News

DOJ Slams Shelby County Juvenile System

The U.S. Justice Department said today that juvenile offenders in Shelby County are denied due process rights and that black children are treated differently and more harshly than white children by the Juvenile Court. The investigation by the department’s Civil Rights Division began in August 2009 and included the review of 66,000 case files from a five-year period. Among other violations, it found repeated failures to protect children from self incrimination, failure to notify children and their parents of charges prior to hearing dates, a pattern of sending children to detention without warrants if they were arrested on weekends or holidays, a lack of thoroughness in deciding to charge juveniles as adults, and a lack of safe conditions at the detention center. And while these failures applied to all children, the DOJ said there was a verifiable and noticeable difference in how black children were treated. Read more in The Memphis Daily News or download the report

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Benjamin Hooks Documentary and Conference This Week

The Benjamin L. Hooks Institute for Social Change at the University of Memphis will host the Red Carpet Premiere of "Duty of the Hour," a documentary on the life of Benjamin L. Hooks, April 20 from 5:30 to 8 p.m. at The Orpheum Theatre. The event is part of the Hooks Institute Annual Civil and Human Rights Conference taking place April 18-29. Learn more about the documentary and the conference or call the Hooks Institute at (901) 678-3974.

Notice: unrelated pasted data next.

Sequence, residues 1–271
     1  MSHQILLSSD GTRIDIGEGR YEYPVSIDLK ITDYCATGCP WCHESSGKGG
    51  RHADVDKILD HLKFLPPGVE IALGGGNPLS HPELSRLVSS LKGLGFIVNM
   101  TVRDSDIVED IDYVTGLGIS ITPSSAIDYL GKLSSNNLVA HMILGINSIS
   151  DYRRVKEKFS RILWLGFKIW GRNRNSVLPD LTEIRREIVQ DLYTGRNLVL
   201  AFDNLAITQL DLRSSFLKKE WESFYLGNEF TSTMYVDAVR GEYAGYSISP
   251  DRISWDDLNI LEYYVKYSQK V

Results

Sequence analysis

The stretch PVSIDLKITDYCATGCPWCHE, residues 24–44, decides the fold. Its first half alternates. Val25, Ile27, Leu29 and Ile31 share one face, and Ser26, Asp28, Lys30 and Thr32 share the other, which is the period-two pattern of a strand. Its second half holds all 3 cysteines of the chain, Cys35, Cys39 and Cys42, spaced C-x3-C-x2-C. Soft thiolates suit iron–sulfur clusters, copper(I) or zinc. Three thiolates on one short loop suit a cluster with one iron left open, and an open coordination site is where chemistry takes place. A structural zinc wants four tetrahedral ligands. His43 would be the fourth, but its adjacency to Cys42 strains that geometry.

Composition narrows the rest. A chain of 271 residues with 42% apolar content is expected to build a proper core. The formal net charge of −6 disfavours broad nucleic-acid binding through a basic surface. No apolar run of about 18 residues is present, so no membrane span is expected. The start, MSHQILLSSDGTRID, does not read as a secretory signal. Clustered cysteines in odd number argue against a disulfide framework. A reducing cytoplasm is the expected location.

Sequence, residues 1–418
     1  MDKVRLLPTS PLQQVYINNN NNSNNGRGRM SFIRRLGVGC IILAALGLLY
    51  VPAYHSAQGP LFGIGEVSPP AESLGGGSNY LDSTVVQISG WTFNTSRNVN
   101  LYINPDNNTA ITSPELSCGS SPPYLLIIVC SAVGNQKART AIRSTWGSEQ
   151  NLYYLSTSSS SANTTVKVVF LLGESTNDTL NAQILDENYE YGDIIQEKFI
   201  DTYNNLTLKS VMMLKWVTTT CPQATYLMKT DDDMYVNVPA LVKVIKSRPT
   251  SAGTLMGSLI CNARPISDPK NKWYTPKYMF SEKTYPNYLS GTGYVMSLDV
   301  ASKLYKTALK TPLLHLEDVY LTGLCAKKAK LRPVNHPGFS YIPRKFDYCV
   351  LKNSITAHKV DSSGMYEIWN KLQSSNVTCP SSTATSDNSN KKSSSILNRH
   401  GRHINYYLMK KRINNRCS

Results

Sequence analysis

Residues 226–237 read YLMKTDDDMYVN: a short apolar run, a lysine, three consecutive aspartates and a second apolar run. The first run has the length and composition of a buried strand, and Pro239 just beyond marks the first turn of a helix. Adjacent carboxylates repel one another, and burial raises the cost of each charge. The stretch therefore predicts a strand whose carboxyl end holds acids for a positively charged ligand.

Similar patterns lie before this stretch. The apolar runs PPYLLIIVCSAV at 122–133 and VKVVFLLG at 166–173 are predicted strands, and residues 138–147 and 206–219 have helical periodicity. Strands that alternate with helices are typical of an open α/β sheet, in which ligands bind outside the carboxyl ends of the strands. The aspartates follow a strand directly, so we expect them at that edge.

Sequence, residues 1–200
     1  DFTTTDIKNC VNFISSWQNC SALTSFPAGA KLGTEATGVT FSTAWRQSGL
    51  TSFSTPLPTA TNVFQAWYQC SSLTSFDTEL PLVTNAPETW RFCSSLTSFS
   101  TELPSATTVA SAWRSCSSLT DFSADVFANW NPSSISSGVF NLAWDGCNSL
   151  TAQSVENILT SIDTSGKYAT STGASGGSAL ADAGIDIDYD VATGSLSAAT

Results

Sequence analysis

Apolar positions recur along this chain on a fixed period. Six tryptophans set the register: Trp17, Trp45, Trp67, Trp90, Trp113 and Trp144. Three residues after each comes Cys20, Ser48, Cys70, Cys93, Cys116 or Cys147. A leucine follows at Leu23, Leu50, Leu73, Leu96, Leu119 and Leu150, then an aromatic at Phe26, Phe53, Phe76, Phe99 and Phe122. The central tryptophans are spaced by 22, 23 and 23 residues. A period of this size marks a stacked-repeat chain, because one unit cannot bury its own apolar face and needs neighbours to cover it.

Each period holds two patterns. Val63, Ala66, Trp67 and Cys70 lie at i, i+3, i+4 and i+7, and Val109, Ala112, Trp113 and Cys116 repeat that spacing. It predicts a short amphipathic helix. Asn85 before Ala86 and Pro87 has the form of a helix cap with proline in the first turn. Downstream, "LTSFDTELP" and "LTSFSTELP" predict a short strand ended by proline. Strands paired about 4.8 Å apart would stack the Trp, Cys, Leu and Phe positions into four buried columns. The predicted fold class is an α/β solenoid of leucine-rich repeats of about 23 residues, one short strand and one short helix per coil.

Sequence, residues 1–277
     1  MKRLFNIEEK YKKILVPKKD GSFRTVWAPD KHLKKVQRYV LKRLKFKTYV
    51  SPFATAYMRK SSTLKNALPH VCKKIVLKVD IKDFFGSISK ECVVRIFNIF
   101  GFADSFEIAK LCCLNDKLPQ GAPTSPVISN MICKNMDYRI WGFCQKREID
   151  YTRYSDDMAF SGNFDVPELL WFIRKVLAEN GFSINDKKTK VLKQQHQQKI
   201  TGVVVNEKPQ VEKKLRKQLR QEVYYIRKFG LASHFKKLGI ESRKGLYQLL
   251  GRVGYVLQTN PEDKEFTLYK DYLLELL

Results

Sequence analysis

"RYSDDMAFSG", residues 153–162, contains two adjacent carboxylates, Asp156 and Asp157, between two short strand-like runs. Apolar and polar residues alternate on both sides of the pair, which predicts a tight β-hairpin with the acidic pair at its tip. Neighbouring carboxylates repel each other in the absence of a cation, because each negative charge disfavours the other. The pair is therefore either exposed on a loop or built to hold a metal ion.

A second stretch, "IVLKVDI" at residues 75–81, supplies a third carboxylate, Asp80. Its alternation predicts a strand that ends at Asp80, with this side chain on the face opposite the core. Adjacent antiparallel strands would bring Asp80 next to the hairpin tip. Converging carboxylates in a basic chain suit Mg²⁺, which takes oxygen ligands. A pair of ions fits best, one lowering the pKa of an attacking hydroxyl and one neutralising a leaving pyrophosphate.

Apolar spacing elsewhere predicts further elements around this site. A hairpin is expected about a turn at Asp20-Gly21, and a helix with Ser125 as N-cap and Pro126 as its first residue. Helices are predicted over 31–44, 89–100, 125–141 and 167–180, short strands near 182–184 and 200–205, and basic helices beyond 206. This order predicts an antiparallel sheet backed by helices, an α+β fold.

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Firm Recognizes 3 Law Students

Bradley Arant Boult Cummings LLP recently awarded $15,000 in diversity scholarships to Vanderbilt University law students Zeterrika C. Tanner and Wendy P. Wright, and first-year University of Alabama law student Rhojonda A. Debrow Cornett. The three were also awarded summer clerkships at one of the firm’s offices.

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Law School Admissions Workshop Set for March 14

"Thinking about Law School?" is the theme of a workshop for prospective law students to be held March 14 at the University of Tennessee College of Law. The free event, to be held from 3 to 6:30 p.m., is for college graduates, currently enrolled college or community college students, high school students and school advisers. Participants will learn how they can prepare for law school as an undergraduate and how to choose the right law school. All sessions will be held in Room 132 of the law school. Learn more from the school

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Court Accepts College Admissions Race Case

The U.S. Supreme Court agreed Tuesday to decide whether the University of Texas' race-conscious admission policies violate the rights of white applicants. The high court has had an evolving record on the discretion of state officials to decide who attends their institutions. In 2003, the court said universities could narrowly tailor their admissions policies to consider an applicant's race. The Texas case is further complicated over issues of standing. Oral arguments are set for this fall with a ruling scheduled for early 2013. Read this CNN report on WCYB Channel 5 Bristol

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